Smith interviewed the three (at the time) surviving Beatles, as well as producer George Martin, and Lennon’s wife Yoko Ono. George Harrison, Paul McCartney, Yoko Ono, and George Martin’s interviews are available in the digital collection. Sgt. Pepper was inducted to the Registry in 2003.
On the Registry: Joan Baez (1960)
The first solo album by the woman Time magazine would soon crown “Queen of the Folk Singers,” Joan Baez preserves for posterity powerful performances from the Harvard Square coffeehouse repertoire that brought Baez to prominence as the folk revival movement was arriving on the national stage. Baez’s haunting arrangements of traditional English and Scottish ballads of longing and regret, mixed with an eclectic blend of Bahamian, Yiddish, Mexican, and Carter Family favorite tunes, sent critic Robert Shelton “scurrying to the thesaurus for superlatives.” The album’s success was especially important for women in the folk music milieu who found a role model “absolutely free and in charge of herself,” in the words of fellow folksinger Barbara Dane. The album was added to the Registry in 2014.
On the Registry: Rumours (1977)
Stevie Nicks said: “Devastation leads to writing good things.” It’s little wonder, then, that Fleetwood Mac’s Rumours is so highly regarded, having been forged by the crumbling relationships of every member of the group. In 1974, the then-remaining members of Fleetwood Mac—drummer Mick Fleetwood, bassist John McVie and his wife, vocalist and keyboard player Christine McVie—found themselves without a male vocalist or guitarist. A chance meeting at a recording studio led to guitarist and vocalist Lindsey Buckingham and vocalist Stevie Nicks, who were romantically involved, joining the group. The newly formed Anglo-American lineup soon struck gold with their eponymous 1975 album. They should have been on top of the world, but as they began working on their follow-up album, Rumours, relationships became so strained that, except as musically necessary, they would barely speak to each other while playing songs about each other. However, because the group had a sense that the songs were so strong, they not only endured, they prevailed.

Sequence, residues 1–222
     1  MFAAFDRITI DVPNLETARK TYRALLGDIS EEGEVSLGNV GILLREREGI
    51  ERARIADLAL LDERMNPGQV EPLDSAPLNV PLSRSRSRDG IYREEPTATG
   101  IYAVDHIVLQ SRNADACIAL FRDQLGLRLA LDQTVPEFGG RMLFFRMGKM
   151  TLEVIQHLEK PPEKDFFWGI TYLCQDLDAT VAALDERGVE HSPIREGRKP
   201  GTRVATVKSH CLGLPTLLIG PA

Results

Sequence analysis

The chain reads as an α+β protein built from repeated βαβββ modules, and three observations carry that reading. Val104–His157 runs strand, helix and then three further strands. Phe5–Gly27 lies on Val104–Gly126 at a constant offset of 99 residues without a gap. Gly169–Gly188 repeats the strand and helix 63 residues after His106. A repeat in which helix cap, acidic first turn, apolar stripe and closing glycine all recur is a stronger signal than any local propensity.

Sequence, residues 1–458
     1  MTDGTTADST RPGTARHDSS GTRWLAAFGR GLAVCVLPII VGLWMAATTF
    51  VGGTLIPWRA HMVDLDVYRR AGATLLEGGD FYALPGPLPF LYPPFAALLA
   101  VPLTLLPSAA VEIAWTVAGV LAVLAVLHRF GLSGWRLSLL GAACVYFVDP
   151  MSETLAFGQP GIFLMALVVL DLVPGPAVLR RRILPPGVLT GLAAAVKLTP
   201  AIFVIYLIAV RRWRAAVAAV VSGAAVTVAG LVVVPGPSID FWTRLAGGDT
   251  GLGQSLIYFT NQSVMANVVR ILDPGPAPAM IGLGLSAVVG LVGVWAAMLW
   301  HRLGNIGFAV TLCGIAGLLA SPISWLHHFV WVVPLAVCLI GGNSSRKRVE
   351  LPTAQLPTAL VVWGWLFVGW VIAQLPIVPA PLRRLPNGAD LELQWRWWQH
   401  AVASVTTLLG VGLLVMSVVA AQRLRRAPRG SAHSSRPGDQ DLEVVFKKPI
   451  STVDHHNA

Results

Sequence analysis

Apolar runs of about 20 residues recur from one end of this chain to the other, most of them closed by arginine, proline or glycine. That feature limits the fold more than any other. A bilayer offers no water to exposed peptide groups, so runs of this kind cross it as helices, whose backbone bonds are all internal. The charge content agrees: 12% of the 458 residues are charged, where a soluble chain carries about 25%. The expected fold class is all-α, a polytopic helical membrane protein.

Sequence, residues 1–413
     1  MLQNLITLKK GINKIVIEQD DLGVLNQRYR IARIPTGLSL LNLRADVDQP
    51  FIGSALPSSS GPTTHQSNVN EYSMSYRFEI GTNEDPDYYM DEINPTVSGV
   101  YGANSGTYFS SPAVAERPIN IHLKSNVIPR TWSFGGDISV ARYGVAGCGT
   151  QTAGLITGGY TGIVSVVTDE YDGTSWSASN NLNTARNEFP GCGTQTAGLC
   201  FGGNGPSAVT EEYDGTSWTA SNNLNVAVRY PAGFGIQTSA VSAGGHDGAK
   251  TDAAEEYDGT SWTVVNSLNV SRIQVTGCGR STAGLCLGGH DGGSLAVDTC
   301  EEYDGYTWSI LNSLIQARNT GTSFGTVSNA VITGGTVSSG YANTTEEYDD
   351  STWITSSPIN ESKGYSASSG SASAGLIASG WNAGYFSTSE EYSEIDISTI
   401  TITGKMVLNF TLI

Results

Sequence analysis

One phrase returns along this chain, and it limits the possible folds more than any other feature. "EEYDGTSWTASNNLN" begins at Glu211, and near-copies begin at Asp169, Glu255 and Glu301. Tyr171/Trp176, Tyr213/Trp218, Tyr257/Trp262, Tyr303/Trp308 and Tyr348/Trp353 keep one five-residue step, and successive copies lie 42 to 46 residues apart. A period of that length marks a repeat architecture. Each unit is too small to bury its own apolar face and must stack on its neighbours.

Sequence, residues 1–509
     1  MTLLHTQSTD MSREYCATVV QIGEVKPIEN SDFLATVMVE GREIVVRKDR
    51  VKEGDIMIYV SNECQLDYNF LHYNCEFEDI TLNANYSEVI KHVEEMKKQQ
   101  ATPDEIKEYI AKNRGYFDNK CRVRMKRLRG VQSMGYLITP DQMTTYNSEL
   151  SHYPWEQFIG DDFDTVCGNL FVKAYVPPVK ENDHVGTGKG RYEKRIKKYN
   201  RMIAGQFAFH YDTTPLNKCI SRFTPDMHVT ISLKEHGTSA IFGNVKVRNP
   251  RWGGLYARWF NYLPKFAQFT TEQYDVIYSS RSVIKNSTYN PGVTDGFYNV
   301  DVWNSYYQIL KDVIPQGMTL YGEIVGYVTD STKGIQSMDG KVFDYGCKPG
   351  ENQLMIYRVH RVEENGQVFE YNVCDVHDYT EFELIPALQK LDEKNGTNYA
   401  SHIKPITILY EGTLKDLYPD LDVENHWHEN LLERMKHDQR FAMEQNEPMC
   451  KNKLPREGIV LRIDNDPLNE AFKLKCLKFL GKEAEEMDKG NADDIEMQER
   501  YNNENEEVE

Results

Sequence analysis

On the Registry: Head Hunters (1973)
Head Hunters is a pivotal work in the career of Herbie Hancock; it was his first true fusion recording. Possessing all the sensibilities of jazz but with R&B and funk soul rhythms, Head Hunters had a mass appeal that made it the greatest-selling jazz album in history at the time of its release. The recording is notable for its use of an extremely wide range of instruments, including electric synthesizers which brought that new instrument to the forefront of jazz for the first time. Hancock’s experiments caused controversy among jazz purists, many of whom at the time belittled it as “pop.” Head Hunters proved to be influential not only to jazz, but also to funk, soul and hip hop musicians. The album was selected for the Registry in 2007.
Have questions about the recorded sound holdings of the Library of Congress? Ask a reference librarian here.
Want to know more about the National Recording Registry? Check out these Frequently Asked Questions. The blurbs for each of the artists and recordings above come from this list of Registry titles, where you can also find extended essays, links to podcasts about a number of the recordings, and listen to clips of select recordings.